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Abstract

BACKGROUND. Type 1 diabetes (T1D) results from destruction of pancreatic β cells by autoreactive effector T cells. We hypothesized that the immunomodulatory drug alefacept would result in targeted quantitative and qualitative changes in effector T cells and prolonged preservation of endogenous insulin secretion by the remaining β cells in patients with newly diagnosed T1D.

METHODS. In a multicenter, randomized, double-blind, placebo-controlled trial, we compared alefacept (two 12-week courses of 15 mg/wk i.m., separated by a 12-week pause) with placebo in patients with recent onset of T1D. Endpoints were assessed at 24 months and included meal-stimulated C-peptide AUC, insulin use, hypoglycemic events, and immunologic responses.

RESULTS. A total of 49 patients were enrolled. At 24 months, or 15 months after the last dose of alefacept, both the 4-hour and the 2-hour C-peptide AUCs were significantly greater in the treatment group than in the control group (P = 0.002 and 0.015, respectively). Exogenous insulin requirements were lower (P = 0.002) and rates of major hypoglycemic events were about 50% reduced (P < 0.001) in the alefacept group compared with placebo at 24 months. There was no apparent between-group difference in glycemic control or adverse events. Alefacept treatment depleted CD4+ and CD8+ central memory T cells (Tcm) and effector memory T cells (Tem) (P < 0.01), preserved Tregs, increased the ratios of Treg to Tem and Tcm (P < 0.01), and increased the percentage of PD-1+CD4+ Tem and Tcm (P < 0.01).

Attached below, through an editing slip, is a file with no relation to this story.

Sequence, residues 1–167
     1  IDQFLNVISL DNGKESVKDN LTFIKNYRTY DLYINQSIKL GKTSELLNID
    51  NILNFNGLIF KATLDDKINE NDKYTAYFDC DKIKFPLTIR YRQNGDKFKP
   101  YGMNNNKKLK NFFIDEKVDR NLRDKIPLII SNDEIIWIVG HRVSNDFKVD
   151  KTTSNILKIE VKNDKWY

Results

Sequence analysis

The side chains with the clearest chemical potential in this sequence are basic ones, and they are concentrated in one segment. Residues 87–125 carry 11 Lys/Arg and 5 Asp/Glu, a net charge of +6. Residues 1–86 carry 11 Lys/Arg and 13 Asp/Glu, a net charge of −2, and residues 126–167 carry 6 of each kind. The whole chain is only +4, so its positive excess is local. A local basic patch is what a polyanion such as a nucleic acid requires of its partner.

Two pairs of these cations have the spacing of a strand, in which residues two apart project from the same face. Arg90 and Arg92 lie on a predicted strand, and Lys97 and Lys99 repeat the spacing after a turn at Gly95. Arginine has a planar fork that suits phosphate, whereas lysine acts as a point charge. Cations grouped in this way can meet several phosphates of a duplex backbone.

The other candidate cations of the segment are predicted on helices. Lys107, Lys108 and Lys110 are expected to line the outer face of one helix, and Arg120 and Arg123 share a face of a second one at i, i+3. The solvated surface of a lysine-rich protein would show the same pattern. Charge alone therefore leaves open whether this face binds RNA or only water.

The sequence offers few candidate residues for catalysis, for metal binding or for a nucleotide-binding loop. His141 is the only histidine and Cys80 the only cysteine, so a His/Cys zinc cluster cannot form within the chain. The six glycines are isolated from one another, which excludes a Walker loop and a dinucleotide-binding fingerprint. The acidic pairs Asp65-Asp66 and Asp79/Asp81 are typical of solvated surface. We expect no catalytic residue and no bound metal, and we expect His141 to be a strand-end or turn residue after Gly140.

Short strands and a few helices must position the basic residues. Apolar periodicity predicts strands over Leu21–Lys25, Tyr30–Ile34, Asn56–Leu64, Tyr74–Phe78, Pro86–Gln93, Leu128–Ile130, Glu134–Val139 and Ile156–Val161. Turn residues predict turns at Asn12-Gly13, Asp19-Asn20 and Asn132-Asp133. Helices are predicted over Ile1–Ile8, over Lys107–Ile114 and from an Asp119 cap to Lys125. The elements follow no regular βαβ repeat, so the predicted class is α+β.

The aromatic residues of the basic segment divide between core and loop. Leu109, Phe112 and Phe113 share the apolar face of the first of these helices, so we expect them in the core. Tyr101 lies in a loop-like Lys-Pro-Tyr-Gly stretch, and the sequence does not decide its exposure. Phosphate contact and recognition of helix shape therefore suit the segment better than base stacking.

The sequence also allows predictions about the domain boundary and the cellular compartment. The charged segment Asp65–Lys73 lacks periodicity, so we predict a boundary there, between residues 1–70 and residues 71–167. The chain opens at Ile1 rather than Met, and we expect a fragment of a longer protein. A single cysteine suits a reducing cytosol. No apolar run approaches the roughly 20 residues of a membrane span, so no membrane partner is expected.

CONCLUSIONS. In patients with newly diagnosed T1D, two 12-week courses of alefacept preserved C-peptide secretion, reduced insulin use and hypoglycemic events, and induced favorable immunologic profiles at 24 months, well over 1 year after cessation of therapy.

TRIAL REGISTRATION.https://clinicaltrials.gov/ NCT00965458.

FUNDING. NIH and Astellas.

Authors

Mark R. Rigby, Kristina M. Harris, Ashley Pinckney, Linda A. DiMeglio, Marc S. Rendell, Eric I. Felner, Jean M. Dostou, Stephen E. Gitelman, Kurt J. Griffin, Eva Tsalikian, Peter A. Gottlieb, Carla J. Greenbaum, Nicole A. Sherry, Wayne V. Moore, Roshanak Monzavi, Steven M. Willi, Philip Raskin, Lynette Keyes-Elstein, S. Alice Long, Sai Kanaparthi, Noha Lim, Deborah Phippard, Carol L. Soppe, Margret L. Fitzgibbon, James McNamara, Gerald T. Nepom, Mario R. Ehlers, the Immune Tolerance Network (ITN) T1DAL Study Group

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